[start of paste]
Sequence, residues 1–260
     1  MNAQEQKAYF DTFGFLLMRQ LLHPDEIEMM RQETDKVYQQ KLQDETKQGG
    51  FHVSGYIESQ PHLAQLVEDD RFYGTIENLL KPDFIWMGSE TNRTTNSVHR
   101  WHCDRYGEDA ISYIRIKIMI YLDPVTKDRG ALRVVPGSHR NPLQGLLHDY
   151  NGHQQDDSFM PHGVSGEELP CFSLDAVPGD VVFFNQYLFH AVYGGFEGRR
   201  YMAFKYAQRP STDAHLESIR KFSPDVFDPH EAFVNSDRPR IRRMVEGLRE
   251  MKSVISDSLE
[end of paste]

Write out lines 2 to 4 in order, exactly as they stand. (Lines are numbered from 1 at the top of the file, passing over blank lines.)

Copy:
     1  MNAQEQKAYF DTFGFLLMRQ LLHPDEIEMM RQETDKVYQQ KLQDETKQGG
    51  FHVSGYIESQ PHLAQLVEDD RFYGTIENLL KPDFIWMGSE TNRTTNSVHR
   101  WHCDRYGEDA ISYIRIKIMI YLDPVTKDRG ALRVVPGSHR NPLQGLLHDY